Assessment of motivation, learning styles and programme selections of Saudi pharmacy and non- pharmacy candidates during the preparatory year
Keywords:Assessment, Motivation, Learning Styles, Programme Selection, Pharmacy Candidates, Preparatory Year Study, Saudi Arabia
Aim: This study was aimed to evaluate the motivation, learning styles and programme selections of pharmacy and non- pharmacy candidates doing the preparatory year.
Method: A questionnaire survey was conducted at the end of the preparatory-year in Dammam University during the Orientation Week in April 2014. Interviews with some students and instructors were also conducted to triangulate the survey data. A semi-structured questionnaire was specially designed, checked for face validity and piloted in students. A chi-squared or t test was utilised to compare the programme selections and relevant variables with the significance level (α) set at 0.05.
Results: A total of 74 pharmacy and 342 non-pharmacy candidates completed the questionnaire. Both groups mostly consisted of males aged 19 (60% – 70%) with the secondary school scores in the range of 96% - 100%. Almost all students could identify their strengths and weaknesses, especially in Chemistry, Physics and English. They felt stressed out and unhappy and needed some advice or counselling. Both contingents had similar motivation and career goals. Top three health-related programmes of choice were Dentistry, Medicine and Applied Medical Sciences. They claimed to have enough information to make a decision and preferred a one-to-one discussion with the programme instructors to get the programme information. Both groups had the same learning styles - ‘Director (or Converger)’ as a dominant (average score: 5.1 vs. 5.2) and ‘Producer (or Assimilator)’ as a secondary style (average score: 4.9 vs. 5.0).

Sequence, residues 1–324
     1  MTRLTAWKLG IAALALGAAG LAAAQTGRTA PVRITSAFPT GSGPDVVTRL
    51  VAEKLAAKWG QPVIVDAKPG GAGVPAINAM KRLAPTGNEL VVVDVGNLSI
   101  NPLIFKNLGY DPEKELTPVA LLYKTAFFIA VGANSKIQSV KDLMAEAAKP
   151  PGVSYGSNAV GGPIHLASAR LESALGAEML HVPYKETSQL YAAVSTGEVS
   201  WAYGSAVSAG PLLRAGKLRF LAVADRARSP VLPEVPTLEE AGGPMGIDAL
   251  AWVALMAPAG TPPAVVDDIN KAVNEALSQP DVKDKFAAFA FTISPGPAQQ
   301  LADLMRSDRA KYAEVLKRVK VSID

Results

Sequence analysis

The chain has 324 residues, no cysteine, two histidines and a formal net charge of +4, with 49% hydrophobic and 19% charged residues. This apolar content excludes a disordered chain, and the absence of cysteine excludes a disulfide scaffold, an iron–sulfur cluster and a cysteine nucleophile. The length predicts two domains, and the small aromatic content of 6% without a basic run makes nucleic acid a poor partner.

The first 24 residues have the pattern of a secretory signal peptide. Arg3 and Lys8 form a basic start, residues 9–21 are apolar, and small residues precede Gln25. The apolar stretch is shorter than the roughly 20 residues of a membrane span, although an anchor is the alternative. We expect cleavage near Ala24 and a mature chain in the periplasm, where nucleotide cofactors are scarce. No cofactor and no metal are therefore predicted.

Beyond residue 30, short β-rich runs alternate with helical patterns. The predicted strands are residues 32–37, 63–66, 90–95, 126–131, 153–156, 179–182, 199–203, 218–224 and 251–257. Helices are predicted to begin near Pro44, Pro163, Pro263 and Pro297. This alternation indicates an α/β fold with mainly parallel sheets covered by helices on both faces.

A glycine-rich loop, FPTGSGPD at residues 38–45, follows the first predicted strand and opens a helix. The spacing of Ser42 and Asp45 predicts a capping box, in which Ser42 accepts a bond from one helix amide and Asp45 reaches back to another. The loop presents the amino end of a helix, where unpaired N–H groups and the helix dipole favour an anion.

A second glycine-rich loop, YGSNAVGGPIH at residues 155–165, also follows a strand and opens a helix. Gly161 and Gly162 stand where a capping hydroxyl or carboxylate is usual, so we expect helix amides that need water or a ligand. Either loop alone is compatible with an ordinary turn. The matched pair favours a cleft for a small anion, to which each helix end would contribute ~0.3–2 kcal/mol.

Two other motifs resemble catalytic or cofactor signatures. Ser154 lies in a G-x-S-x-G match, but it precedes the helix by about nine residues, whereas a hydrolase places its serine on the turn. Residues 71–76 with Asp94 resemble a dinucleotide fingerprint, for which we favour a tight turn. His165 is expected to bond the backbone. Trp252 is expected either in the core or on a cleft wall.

Conclusion: The pharmacy and non-pharmacy candidates have similar perceptions, motivation and learning styles, but marginal differences were found in the programme selections and acquiring information. Pharmacy orientation and counselling sessions are needed to correct their misperception about chemistry and to recruit high-performing students. Pharmacy images and professionalism among preparatory-year and pharmacy students warrant further studies.
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